At eeGeo, we are building tools that we believe will enable application developers to deliver more engaging user experiences using location. By analysis of user behaviour in our open-source Recce app, we have determined empirically that initial engagement is increased by beautiful and responsive maps. The eeGeo 3D map data is generated from a variety of GIS data sources using procedural methods. With an eeGeo 3D map, an application can present rich dynamic data visualisation, weather, and time-of-day effects. The eeGeo SDK library enables applications to stream and display beautiful 3D maps.

Why Recce?

The eeGeo SDK is currently available for iOS, Android, and OSX. We also have experimental support for WebGL, Oculus VR, and Windows. The SDK is implemented as a C++ library using OpenGL ES, which supports both fast performance and portability, across a wide range of platforms and a diverse collection of devices. As a developer building an app using eeGeo 3D maps C++ SDK, the primary advantage is the ability to deploy to multiple platforms while only having to write application code once (increasing the potential number of users), and reducing code duplication and maintenance costs.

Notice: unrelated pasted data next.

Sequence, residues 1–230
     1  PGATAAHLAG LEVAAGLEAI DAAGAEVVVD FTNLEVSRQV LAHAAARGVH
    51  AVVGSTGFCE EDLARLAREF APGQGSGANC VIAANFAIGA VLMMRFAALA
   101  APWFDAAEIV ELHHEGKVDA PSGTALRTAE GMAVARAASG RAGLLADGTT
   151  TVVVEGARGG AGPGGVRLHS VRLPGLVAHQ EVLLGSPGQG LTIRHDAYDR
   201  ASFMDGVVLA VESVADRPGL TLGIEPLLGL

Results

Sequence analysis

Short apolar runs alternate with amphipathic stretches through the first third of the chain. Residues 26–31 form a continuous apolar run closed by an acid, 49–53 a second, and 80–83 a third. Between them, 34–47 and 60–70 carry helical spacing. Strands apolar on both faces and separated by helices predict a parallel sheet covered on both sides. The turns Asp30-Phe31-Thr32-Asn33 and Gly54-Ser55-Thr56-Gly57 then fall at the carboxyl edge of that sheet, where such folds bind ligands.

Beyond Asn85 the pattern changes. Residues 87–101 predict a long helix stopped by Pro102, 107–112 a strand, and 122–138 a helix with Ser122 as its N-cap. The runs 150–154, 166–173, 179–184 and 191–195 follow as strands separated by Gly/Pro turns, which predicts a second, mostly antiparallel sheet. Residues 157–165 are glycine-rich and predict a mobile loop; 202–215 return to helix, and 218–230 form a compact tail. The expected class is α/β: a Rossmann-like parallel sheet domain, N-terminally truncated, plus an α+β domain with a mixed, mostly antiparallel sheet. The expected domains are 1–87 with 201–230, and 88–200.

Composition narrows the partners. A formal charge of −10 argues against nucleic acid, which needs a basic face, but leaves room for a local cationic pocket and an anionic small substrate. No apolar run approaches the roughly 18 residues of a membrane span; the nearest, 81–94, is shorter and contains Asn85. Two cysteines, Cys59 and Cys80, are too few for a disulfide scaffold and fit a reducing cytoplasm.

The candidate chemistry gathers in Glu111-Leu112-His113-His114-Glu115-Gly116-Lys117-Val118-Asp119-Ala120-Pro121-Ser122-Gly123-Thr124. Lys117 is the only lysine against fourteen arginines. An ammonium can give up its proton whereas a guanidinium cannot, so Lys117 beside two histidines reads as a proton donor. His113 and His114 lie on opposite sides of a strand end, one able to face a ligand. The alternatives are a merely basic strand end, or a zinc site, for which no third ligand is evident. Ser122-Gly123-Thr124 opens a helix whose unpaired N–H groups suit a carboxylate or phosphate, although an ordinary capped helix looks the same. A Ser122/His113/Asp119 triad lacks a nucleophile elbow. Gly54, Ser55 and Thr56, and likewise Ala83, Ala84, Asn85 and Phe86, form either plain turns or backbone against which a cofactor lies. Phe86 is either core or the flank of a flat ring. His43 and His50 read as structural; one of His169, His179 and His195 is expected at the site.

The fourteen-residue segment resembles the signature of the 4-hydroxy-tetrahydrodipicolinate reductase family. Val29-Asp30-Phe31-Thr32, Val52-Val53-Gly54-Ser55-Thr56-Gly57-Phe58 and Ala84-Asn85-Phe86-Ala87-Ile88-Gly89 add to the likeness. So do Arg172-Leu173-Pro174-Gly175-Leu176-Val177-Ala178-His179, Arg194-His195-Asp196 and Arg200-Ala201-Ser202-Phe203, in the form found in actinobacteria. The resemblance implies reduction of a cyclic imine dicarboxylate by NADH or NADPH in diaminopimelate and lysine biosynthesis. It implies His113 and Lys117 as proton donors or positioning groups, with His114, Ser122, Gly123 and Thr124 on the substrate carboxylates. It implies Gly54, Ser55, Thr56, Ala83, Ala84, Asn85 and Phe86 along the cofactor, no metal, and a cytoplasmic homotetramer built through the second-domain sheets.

Recce demonstrates to developers how to use the eeGeo SDK C++ API for write-once portability and fast performance

We recognise that portability is not important for all developers, and integrating a C++ library can sometimes be onerous for existing applications. To best support developers in this situation, we offer platform specific APIs to easily integrate with the C++ SDK. We recently announced our open source Objective-C iOS API for general use; see the example app to quickly get up and running. However, for developers who are interested in using C++ (to gain the “write-once” portability advantages, or to use the SDK APIs directly), we present the open-source Recce application as a reference implementation to help inform development.